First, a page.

What's Her Secret: NickMom's Stefanie Wilder-Taylor
The author, comedian, late-night talk show host and mother of three tells us how she keeps it all together, from exercise and teeth-cleaning to gratitude.
She's an author, comedian, late-night talk show host, and a mom. To say Stefanie Wilder-Taylor has a lot going on—some of which she shares on her NickMom TV series Parental Discretion with Stefanie Wilder-Taylor, and her hilarious weekly podcast called "For Crying Out Loud"—is an understatement. We asked Wilder-Taylor (who has appeared on Today, Oprah, 20/20, Dr. Oz, Dr. Phil, Larry King Live, and more) for tips on wellness, from hiking to oral hygiene, date night to gratitude.
So you're an author, comedian, late-night talk show host, and a mom. How do you balance your life? It's challenging. I have three kids, six-year-old twins and a nine year old. As a mom, their health comes first, they always come first. The last person who gets their teeth cleaned is momma! If I'm making doctors appointments for anybody, it's for the kids. It's funny, although I do make sure I get a physical every year because I'm getting older. Sometimes I laugh, because, man, my kids are all up to date on their shots––they sound like puppies––everything gets prioritized for them and the last people are mom and dad. Like, 'Oh, boy, haven't had my teeth cleaned in three years, I'd better get on that!'"
Does exercise help? "Sanity-wise, I have to say that I definitely will go to the gym. I prioritize that and that's what keeps me mentally sane. I have to get my workout. If I haven't had time to go to the gym, I will go do something with the kids––if you can't beat 'em, join 'em! The other day, I hadn't been to the gym and my kids were home so I grabbed my older one and I rollerbladed and she rode her bike, almost five miles. It was really fun! We got to bond and I got some exercise."
Especially in a creative field, when you have to be mentally sharp and "on" to perform, I find if I don't get enough exercise, I just feel cloudy, my brain doesn't work as well. "Absolutely! I know that feeling exactly. I try to go five days a week, but sometimes it ends up being four, once in awhile it ends up being two, or I at least go for a walk, or for a run… I'm lying, I don't go for a run. I'll grab a friend, and go for a hike with another mom while the kids are in school."
Any other tips? "I quit drinking almost five years ago, and that was very good for my health. Especially when you're a new mom and you don't have time to go to the gym and you don't have as much social interaction, I think a lot of moms can get into some unhealthy habits. You're not exercising, you're not taking time yourself, you have a new baby, your baby takes up all of your time, you can't leave him alone for a minute, you can barely get in the shower...you can start to over depend on substances, and that can lead to some depression."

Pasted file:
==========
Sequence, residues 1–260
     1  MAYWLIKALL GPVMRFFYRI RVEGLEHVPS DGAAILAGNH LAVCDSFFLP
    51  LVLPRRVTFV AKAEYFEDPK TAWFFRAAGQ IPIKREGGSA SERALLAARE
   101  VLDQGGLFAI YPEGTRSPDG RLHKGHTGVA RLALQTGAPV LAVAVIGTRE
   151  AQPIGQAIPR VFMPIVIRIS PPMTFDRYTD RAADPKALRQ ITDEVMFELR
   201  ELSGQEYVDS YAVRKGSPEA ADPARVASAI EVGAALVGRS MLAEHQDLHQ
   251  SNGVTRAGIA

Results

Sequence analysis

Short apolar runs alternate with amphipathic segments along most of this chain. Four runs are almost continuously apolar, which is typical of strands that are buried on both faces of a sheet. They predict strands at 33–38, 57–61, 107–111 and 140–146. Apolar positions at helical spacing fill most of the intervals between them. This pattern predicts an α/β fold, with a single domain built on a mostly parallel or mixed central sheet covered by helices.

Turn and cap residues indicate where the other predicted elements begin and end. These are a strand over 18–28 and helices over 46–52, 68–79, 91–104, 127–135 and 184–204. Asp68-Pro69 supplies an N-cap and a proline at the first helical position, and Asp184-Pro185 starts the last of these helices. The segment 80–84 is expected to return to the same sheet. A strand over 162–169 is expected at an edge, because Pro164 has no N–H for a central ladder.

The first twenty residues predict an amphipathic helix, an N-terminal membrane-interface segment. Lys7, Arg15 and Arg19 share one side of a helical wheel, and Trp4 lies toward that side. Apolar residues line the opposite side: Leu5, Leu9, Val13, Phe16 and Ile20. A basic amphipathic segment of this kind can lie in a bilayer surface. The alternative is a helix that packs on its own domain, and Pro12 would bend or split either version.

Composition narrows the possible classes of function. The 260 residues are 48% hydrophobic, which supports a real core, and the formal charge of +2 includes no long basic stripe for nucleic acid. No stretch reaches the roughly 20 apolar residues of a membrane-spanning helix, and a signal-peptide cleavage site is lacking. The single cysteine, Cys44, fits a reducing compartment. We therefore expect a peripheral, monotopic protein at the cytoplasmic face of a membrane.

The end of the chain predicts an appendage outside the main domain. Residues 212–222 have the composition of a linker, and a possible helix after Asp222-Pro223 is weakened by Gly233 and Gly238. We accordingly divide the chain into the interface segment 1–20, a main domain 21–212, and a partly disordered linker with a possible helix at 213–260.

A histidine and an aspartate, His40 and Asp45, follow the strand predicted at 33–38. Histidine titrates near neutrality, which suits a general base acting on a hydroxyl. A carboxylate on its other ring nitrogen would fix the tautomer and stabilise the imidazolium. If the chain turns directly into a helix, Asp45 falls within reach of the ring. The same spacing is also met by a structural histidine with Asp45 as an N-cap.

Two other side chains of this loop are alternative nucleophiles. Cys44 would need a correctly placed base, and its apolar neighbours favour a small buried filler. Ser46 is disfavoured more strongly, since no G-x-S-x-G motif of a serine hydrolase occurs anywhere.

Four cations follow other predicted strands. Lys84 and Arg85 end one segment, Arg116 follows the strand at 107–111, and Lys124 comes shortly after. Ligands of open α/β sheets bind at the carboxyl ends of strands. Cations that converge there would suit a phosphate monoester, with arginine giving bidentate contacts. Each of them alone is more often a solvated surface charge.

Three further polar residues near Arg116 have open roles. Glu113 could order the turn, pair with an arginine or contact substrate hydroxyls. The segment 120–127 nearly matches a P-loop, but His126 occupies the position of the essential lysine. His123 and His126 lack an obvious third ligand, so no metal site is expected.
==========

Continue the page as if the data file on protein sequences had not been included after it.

Right. Physical health is an important part of wellness, but so is mental and emotional balance and not feeling overwhelmed by the demands of life. How do you juggle so much and still keep it together? "You know, it's a tough one. Some of it comes from just getting used to your situation. And we all have limits. We have to learn to ask our partners for help. I was trying to do so much myself and I was feeling really resentful of my husband, and we were bickering, and one of my friends was like, 'You need to ask for what you need.' I'm on a book deadline right now, and I was feeling so stressed. Every morning I'd get up, make the kids lunches, and take them to school. My friend was like, 'Why don't you ask your husband to make the lunches and take them to school every day for a couple of weeks.' I honestly thought I couldn't ask him to do that––he's not gonna want to do that. But I asked him, and he said, 'Of course, no problem,' and he did it! Which took a huge load of stress off me, it was magic."
Yeah! I feel even women without kids can relate to being afraid to ask for what we want or burden others, so we tend to take too much on. "Yeah. I also have some mom friends I've come to depend on. It's really nice, in the mom world you have your 'people.' It's not a favor, it's just your people. If I'm going to be late to pick my kids up from school, I call my friend Deirdre, she's my people, and, say, 'Hey, can you watch my kids, I'm running 15 minutes late.' And she can ask me. We don't keep score, it's really important. It really does take a village and we need to realize that and not to try to do everything ourselves."
How do you do fun and alone time? "My husband and I try to have a night out once a week, with a babysitter. There's nothing more relaxing to your brain then someone else putting your children to bed. It's so great, it's like a little spa vacation! Somebody else is fighting with them to brush their teeth. What a great day!"
Do you remember how you felt before becoming a busy mom? "I did not have my first kid until I was 38, so I remember it very well. Yeah, life was great before I had kids, life is great now. I feel like having kids gave my life a whole new dimension, all that corny stuff. It gave my life meaning, I have a reason to wake up every day. I love it. And I loved my life before too; I was writing on bad TV shows and enjoying my days. I think happiness is a choice. I do a podcast, so I get to complain and vent, but at the bottom of that, I'm a natural optimist. I genuinely believe things will work out and I try to choose to be grateful every single day, for everything. For my kids' health, for my life, for my husband—I have a great life. And it's easy to forget that if you don't remind yourself."